Those who view Woodstock as just a brief stop on the way to Killington Mountain risk missing out on one of Vermont’s most scenic villages. With quaint inns, covered bridges, first-class restaurants, art galleries, eclectic shops and a national park, resist the urge to drive by and instead spend some quality time exploring all this Green Mountain gem has to offer.
Woodstock Inn & Resort: 14 The Green
Whether you come for the day, a weekend or longer, make The Woodstock Inn and Resort the base camp for your visit. Just steps from downtown and easy walking and driving distance to most local attractions, The Inn pampers guests with charming guest rooms—many featuring wood-burning fireplaces and handcrafted beds—a nationally renowned 18-hole golf course, a luxurious spa, and four distinct restaurants featuring locally sourced ingredients. Be warned, you might be tempted to spend all your time exploring the nooks and crannies of the resort, or curled up with a good book in one of the Inn’s Adirondack chairs.
Sugarbush Farm: 591 Sugarbush Farm Rd
Called “a cheese-lover’s paradise,” Sugarbush Farm has been making mouth-watering varietal cheese and pure maple syrup for four generations. Take the sugarhouse tour and learn how maple syrup is made, or sample more than 14 varieties of farm-fresh cheese. The farm was the first in Vermont to start packaging cheese in waxed bars, making it easy to travel without refrigeration. The farm’s country store is home to some of Vermont’s best jams, mustards and maple spreads, and has a thriving mail-order business, so purchases can conveniently be shipped home.
Madison County has nothing on Vermont, which claims more than 100 covered bridges in the state, three of them in Woodstock. Across the Village Green on Mountain Avenue you’ll find Middle Bridge, a relatively modern bridge built in 1969. Three miles west on Rt. 4 discover historic Lincoln Bridge dating back to 1877, and the country’s only Pratt-type truss bridge constructed of wood. Head four miles east of Rt. 4 to locate the Taftsville Bridge, Vermont’s third oldest bridge, built in 1836. Dust off your camera lens and snap a few photos as you dream of a handsome stranger waiting just across the bridge.
Marsh-Billings-Rockefeller National Historical Park: 54 Elm Street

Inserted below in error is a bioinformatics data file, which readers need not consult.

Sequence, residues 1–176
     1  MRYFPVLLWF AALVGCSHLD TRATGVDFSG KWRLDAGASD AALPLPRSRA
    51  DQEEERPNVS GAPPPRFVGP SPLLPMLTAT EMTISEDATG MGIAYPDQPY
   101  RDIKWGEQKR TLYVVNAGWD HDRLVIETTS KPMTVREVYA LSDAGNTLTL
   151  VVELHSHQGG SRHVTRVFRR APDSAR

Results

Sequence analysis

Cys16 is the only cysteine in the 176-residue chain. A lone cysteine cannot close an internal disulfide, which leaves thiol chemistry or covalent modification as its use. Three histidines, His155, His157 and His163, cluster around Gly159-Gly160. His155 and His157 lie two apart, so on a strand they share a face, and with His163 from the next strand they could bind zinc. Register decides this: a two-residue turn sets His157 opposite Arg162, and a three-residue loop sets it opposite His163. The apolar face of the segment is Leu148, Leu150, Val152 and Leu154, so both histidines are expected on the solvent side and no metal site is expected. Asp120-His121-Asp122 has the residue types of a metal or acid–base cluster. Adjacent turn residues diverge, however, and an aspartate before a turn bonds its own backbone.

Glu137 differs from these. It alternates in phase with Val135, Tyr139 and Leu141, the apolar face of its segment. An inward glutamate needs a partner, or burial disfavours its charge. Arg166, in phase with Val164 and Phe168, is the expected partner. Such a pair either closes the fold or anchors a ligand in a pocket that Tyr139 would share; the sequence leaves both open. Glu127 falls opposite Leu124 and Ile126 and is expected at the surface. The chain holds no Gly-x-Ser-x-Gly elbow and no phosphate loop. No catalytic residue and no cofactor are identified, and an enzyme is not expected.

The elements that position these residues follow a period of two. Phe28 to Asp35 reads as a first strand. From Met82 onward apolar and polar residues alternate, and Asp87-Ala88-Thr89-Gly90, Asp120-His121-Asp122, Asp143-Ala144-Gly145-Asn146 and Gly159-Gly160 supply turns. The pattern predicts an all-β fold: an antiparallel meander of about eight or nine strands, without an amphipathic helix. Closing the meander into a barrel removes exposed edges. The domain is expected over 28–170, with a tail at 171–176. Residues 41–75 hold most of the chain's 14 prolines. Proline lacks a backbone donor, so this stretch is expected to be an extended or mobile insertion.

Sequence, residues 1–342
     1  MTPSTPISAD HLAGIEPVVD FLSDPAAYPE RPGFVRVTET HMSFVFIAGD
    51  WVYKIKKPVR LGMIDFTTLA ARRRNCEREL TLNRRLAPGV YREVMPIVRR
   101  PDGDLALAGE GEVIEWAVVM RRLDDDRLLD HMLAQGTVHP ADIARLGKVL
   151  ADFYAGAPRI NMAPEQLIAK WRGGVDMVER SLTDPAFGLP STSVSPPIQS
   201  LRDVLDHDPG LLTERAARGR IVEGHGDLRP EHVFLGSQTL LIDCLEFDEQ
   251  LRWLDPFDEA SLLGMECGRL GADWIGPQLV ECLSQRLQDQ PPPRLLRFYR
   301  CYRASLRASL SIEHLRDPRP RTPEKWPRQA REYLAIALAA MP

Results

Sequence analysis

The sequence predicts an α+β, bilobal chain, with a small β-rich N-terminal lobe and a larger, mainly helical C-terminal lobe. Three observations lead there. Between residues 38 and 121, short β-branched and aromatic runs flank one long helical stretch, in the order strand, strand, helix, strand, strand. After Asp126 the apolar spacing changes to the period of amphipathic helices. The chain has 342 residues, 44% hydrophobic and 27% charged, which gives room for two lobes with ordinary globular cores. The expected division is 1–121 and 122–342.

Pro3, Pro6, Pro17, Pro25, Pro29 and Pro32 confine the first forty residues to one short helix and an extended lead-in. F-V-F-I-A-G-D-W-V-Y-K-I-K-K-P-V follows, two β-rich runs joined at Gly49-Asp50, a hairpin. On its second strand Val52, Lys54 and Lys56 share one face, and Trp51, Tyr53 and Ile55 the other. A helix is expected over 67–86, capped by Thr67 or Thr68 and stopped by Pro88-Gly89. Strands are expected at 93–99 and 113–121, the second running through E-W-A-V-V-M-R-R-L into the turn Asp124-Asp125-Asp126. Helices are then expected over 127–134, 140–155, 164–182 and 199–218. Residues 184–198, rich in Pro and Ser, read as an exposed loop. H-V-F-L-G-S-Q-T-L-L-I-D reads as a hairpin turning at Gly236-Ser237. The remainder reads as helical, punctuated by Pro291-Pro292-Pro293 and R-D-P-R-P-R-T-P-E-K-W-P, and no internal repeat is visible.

This 550-acre park was once the boyhood home of George Perkins Marsh, one of America’s first conservationists. The property was later owned by Frederick Billings, and then given to the American people by its final owners, Laurence and Mary Rockefeller, with the hope that visitors might learn the importance of becoming stewards of our lands. Walk through one of Vermont’s most breathtaking landscapes, along winding woodland carriage roads and trails. Visit the mansion that is preserved exactly as the Rockefellers left it, complete with their impressive art collection.
F.H. Gillingham & Sons General Store: 16 Elm Street
Founded in 1886 by Frank Henry Gillingham, this authentic general store remains in its original building and carries the same ironclad guarantee: “Your money’s worth or your money back”. Gillingham’s great-grandsons continue to run the family business, offering locals and visitors alike a treasure trove of Vermont products, crafts and gifts. If you can’t find what you’re looking for in this 8,000 square foot emporium, you probably don’t need it.
Worthy Kitchen: 442 E Woodstock Rd, Suite 1A
This “farm diner” features comfort foods such as buttermilk fried chicken, burgers and daily specials made with ingredients sourced from local farms. Worthy offers 18 local craft beers on draft as well as three wines on tap, hard ciders and crafted soft drinks for the designated drivers in the group. Start with a Worthy Board featuring a selection of local artisan cheeses, cured meats, jam, and crackers or the Worthy Poutine, Worthy fries smothered in duck fat gravy, confit heritage pork belly, cheddar, herbs and pickled shallots. Then try the aforementioned fried chicken, burger, or a Brisket Melt; slow cooked beef brisket with root beer and sriracha barbecue sauce, cheddar and fire roasted onions. Save room for dessert, which includes warm cinnamon donuts topped with vanilla bean cream anglaise. We’re not worthy.
Top photo of Middle Bridge by Andrea Schaffer.